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The view from Murphy HallA CONVERSATION WITH CHANCELLOR CARNESALE   At the hectic start of a new aca-demic year, Chancellor Albert Carnesale was a tireless man on the run, meeting with student journalists, union  representatives, faculty leaders, foreign dignitaries and a steady stream of visitors. On a recent afternoon, he took time out for a conversation with UCLA Today Editor Cynthia Lee and Editorial Director David Greenwald on a range of topics.

    In an office filled with UCLA mementos, there was a new centerpiece that had him beaming proudly: a large, laminated acrylic sphere by internationally  known sculptor and UCLA Professor of Design Mihich Vasa. After three years at UCLA's helm, Chancellor Carnesale is very much at home in Murphy Hall.

    Q: You arrived at UCLA from Harvard three years ago. In that time, you've set high goals and standards for faculty and staff, as well as for students. What are you proudest of having accomplished here?

    A: Well, I joke often about taking credit for everything that goes well because, Lord knows, I get blamed for everything that goes wrong. For example, UCLA faculty have won two Nobel Prizes on my watch — but  obviously it's not because I arrived at UCLA that we won them. The pride I feel is not for what I have personally achieved. We should all take great pride in the recognition earned by Paul Boyer (Chemistry, 1997) and Louis Ignarro  (Physiology and Medicine, 1998). In fact, we can all be proud of the outstanding people at UCLA. The academic credentials of the students keep getting better every year. The  number of faculty who've been elected to the National Academy of Sciences, the National Academy of Engineering and the American Academy of Arts and Sciences keeps rising.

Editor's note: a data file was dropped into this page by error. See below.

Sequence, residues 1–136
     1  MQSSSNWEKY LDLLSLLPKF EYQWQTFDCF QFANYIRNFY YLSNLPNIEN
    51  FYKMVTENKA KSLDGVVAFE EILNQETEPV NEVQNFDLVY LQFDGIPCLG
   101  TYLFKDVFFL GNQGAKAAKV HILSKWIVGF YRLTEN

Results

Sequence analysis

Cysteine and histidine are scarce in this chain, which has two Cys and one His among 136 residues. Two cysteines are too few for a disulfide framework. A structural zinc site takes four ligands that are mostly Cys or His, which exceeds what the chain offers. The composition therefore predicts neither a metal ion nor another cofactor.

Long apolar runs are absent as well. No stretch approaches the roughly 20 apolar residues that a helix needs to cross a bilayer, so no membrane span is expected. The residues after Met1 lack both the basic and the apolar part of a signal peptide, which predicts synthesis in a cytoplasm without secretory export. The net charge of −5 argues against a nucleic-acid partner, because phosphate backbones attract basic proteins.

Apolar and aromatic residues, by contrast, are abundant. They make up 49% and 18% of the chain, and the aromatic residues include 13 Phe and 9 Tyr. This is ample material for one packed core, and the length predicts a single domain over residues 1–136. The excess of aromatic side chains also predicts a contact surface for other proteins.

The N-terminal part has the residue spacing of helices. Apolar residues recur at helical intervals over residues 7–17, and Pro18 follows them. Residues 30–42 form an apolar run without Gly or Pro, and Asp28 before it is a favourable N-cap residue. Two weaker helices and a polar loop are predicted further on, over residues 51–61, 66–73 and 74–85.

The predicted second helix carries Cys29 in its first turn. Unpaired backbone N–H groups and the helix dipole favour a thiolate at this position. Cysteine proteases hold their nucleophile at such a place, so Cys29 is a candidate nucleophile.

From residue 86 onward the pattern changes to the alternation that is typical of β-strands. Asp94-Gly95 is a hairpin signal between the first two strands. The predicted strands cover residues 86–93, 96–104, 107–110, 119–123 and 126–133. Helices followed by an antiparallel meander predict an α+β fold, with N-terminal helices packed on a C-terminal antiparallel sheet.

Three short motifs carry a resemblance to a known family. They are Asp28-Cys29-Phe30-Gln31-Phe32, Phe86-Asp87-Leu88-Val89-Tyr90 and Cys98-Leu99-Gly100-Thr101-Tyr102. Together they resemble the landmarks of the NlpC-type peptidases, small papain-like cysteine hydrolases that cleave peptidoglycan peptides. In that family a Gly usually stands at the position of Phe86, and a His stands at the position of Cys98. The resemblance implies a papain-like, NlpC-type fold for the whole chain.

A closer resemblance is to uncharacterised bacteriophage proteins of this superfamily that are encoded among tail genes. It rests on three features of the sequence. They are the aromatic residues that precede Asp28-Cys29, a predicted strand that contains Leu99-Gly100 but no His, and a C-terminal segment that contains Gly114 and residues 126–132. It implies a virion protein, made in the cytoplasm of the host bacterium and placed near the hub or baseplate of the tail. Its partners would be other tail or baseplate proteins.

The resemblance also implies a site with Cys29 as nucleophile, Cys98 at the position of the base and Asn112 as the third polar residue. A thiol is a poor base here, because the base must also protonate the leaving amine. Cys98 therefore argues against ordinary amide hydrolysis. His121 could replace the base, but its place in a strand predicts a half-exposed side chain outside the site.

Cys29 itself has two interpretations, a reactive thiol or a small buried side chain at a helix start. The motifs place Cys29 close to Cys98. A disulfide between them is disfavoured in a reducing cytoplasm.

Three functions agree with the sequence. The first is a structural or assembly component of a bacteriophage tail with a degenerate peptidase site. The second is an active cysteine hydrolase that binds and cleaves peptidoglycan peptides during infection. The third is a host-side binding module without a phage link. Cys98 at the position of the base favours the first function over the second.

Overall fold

Superb administrative appointments have been made while I've been here. Anyone who's had contact with the executive vice chancellor feels that Rory Hume is doing an outstanding job. I do deserve credit for having  figured that he would do so before others did! We've also appointed some excellent new deans. So when you ask what I am most proud of at the administrative level, it's the people.

   Secondly, I am very proud of this campus; its combination of beauty  and functionality is unmatched. Look at Royce Hall in all its glory. And Powell Library. Look at the soccer field with its wide-open spaces while belowground hundreds of parking spaces have been built. At our  southern gateway, on the south campus, you see a hole in the ground that will eventually be the site of a hospital designed by I.M. Pei. At our northern gateway, an arts complex designed by Richard Meier will be  built. All of us can take pride in this place and its people.

   Q: With all the beauty of this campus, what is your favorite spot?

    A: I enjoy the Inverted Fountain; that combination of seeing the water flowing over the rocks and listening to what sounds like a babbling brook makes it a wonderful place. The fountain, Royce Hall and the top of Janss  Steps with the view across the athletic fields to the residence halls — those are the places I like to take visitors to.